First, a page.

How to Upgrade Older CCTV Systems

Replacing analog CCTV components with digital ones doesn’t necessarily require a huge cash outlay. Taking small steps can provide dramatic improvements to on-site security, while allowing a manageable financial investment.

With digital technology now dominating the security industry, upgrading analog CCTV systems is a necessity for most older installations. Still, many customers fear they cannot afford the cost of such conversions. These expenses can be kept in check, however, if the changes are made incrementally.

Upgrades such as installing new digital cameras and digital video recorders (DVRs), integrating these units with point-of-sale (POS) systems, and adding outdoor cameras, along with interactive security and remote access are some steps that can be taken to gradually improve a system, while keeping costs under control.

Replace Analog Cameras With Digital Units in Vital Areas

Digital cameras provide dramatically improved image and color quality, making the captured footage more reliable in terms of actually identifying and apprehending suspects.

Consider installing stationary domes in areas where employees or others could move the cameras. Install the cameras in areas where repeat offenses have been an issue, and don’t forget about the back office, coolers or freezers. Putting cameras in these areas helps reduce internal shrinkage, and has proven to contribute to huge drops in worker’s compensation claims.

Digital Video Storage Improves Image Quality

A DVR greatly improves the quality of the video and eliminates the problem of managing VHS tapes in the back room. This simple step greatly increases the security system’s overall reliability, as VCRs are often the weak link in older CCTV systems.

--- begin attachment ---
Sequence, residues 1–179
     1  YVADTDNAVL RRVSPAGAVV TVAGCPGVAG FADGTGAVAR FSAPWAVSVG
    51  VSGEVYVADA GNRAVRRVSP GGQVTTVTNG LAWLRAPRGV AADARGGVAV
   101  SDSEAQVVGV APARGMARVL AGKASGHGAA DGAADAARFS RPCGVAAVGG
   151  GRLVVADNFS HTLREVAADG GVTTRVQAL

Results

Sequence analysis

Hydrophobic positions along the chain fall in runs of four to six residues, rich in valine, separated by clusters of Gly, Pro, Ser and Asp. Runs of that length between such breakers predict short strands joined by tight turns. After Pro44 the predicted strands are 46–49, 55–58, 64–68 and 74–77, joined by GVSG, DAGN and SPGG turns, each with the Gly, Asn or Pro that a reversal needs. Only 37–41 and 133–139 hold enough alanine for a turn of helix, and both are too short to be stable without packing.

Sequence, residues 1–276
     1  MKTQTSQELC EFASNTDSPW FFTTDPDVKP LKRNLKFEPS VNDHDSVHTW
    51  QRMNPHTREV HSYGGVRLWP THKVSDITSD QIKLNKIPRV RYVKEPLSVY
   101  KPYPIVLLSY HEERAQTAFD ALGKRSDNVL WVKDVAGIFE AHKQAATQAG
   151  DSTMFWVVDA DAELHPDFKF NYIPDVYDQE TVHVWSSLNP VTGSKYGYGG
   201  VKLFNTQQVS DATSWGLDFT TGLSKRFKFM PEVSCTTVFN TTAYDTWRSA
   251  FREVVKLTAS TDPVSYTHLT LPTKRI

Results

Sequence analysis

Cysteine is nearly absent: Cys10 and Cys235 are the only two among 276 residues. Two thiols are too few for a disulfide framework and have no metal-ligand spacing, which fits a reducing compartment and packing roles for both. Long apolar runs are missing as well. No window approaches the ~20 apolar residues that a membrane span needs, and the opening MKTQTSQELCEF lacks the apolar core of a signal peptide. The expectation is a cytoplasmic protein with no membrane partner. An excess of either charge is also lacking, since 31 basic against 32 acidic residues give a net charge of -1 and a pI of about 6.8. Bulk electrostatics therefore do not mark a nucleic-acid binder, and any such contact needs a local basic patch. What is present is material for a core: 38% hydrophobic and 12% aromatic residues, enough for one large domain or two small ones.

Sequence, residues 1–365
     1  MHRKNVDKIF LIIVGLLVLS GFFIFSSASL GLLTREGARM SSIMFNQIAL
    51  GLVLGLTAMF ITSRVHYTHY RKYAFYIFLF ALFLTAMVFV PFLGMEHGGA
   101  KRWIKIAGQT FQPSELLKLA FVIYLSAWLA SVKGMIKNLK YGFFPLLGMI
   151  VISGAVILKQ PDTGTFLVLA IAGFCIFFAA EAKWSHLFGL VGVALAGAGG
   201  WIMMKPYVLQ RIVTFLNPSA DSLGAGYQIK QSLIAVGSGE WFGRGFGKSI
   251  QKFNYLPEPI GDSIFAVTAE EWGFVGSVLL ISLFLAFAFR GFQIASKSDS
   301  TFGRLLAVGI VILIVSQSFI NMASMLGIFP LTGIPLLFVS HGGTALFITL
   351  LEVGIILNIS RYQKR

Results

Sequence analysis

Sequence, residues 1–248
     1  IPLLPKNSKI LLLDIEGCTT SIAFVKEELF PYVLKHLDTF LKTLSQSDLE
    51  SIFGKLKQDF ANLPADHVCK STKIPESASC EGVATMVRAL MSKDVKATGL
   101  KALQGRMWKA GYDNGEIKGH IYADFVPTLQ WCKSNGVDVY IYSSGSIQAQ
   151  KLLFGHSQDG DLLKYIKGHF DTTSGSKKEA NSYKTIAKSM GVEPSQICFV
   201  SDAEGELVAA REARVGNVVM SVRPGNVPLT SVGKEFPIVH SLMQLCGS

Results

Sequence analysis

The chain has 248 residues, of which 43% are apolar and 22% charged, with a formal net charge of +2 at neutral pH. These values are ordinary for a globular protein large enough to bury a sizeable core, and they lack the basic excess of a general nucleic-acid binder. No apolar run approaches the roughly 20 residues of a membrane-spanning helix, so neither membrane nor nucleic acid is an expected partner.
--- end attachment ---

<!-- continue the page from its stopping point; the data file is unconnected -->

Most tapes will visibly degrade images after 10 uses, while a DVR will keep recording images onto a hard disk drive for years without any degradation. The average hard disk today has a mean time before failure (MTBF) of 10 to 12 years vs. a VCR, which requires annual cleaning and/or head replacements at a significant cost.

A big misunderstanding about image quality is the assumption that it can be measured by the number of pixels the DVR will record. A pixel count of 640 X 480 will have a higher picture quality than a 320 X 240 pixel count, but this is before compression. All video compression will cause a loss in image quality, and these losses get larger as the compression ratio gets bigger.

Better quality, however, is not the only reason why DVRs should be purchased. Ease of evidence transfer and increased storage are two other pluses.

DVRs Offer Simple Transfer, Greater Storage

It is extremely easy to transfer evidence from a DVR. Many DVRs have a built-in CD/RW drive where the desired video file may easily be burned to the CD, which may then be played back on any PC. Images can also typically be saved in a BMP format and printed on any conventional laser jet or inkjet printer. Digital recorders can also store images for a longer period of time than VCRs.

The amount of storage will depend on a number of factors, such as the size of the hard drive, the number of cameras that are recording and the frame rate. The frame rate is typically a range from less than one frame per second (FPS) up to 30 FPS or more.

JPEG, Wavelet, H.263 Are Most Common Types of Compression

Another factor in storage capacity is the type of compression that a manufacturer uses. With JPEG, the software examines blocks of pixels and decides which blocks are redundant and not essential to creating the image. The blocks that are essential are transmitted, therefore only the changes in images are recorded and or transmitted.